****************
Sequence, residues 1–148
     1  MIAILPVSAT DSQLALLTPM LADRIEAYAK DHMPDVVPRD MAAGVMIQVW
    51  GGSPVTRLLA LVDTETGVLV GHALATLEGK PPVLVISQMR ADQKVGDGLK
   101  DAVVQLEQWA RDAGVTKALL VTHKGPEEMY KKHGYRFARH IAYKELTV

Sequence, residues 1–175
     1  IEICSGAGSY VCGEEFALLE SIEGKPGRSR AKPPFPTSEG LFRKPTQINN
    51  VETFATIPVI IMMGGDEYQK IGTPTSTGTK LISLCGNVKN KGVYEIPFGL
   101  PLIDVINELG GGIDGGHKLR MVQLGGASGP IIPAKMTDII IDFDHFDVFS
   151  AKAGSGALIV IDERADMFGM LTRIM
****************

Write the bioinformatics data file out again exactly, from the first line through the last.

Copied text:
Sequence, residues 1–148
     1  MIAILPVSAT DSQLALLTPM LADRIEAYAK DHMPDVVPRD MAAGVMIQVW
    51  GGSPVTRLLA LVDTETGVLV GHALATLEGK PPVLVISQMR ADQKVGDGLK
   101  DAVVQLEQWA RDAGVTKALL VTHKGPEEMY KKHGYRFARH IAYKELTV

Sequence, residues 1–175
     1  IEICSGAGSY VCGEEFALLE SIEGKPGRSR AKPPFPTSEG LFRKPTQINN
    51  VETFATIPVI IMMGGDEYQK IGTPTSTGTK LISLCGNVKN KGVYEIPFGL
   101  PLIDVINELG GGIDGGHKLR MVQLGGASGP IIPAKMTDII IDFDHFDVFS
   151  AKAGSGALIV IDERADMFGM LTRIM